Carpenter said he agreed on setting aside $100,000 for the cause. “We realize it ultimately will cost more than that,” said Carpenter, speaking to The Enterprise on Wednesday. “We also know we are losing millions of dollars in education reimbursement right now because of the inequities in the current Chapter 70 formula. We can’t sustain that very long. If we have to spend a little bit of money to ultimately compel the state to give us millions more, than we think it’s the prudent course of action. We can’t just sit back and allow this to continue. Our school system won’t survive.”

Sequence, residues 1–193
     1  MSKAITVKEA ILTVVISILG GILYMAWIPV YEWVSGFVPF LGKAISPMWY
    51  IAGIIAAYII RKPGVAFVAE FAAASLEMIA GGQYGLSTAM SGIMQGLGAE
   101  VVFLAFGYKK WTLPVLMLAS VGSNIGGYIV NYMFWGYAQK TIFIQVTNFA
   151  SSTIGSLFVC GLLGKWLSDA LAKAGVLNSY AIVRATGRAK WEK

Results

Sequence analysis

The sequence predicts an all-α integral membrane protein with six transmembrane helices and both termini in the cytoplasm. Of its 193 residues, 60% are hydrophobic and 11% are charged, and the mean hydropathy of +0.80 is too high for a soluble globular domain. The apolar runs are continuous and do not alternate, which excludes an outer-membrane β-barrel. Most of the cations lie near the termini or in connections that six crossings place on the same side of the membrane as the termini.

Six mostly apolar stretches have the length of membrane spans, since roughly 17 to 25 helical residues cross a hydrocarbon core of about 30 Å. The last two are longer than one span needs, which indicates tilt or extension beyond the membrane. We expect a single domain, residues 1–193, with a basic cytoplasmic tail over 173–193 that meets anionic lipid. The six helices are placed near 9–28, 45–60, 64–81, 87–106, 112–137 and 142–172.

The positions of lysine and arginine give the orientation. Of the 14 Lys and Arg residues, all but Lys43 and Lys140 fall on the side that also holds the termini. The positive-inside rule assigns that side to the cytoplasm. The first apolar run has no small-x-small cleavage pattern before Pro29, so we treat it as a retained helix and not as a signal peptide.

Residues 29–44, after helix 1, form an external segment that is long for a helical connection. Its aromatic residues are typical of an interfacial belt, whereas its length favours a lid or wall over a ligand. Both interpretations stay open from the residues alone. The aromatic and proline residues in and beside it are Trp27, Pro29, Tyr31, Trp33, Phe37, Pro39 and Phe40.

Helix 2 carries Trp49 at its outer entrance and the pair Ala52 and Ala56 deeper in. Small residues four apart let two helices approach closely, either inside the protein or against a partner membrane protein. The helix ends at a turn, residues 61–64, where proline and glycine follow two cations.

Carpenter pointed to a 2015 foundation budget study commissioned by the state legislature, arguing that the state has failed to act on the recommendations, which he said would have benefited Brockton Public Schools financially.
“Implementing any of these recommendations would mean more state education dollars coming to Brockton,” Carpenter said. “However, to date, the state has not even adopted one of its own recommendations from that commission.”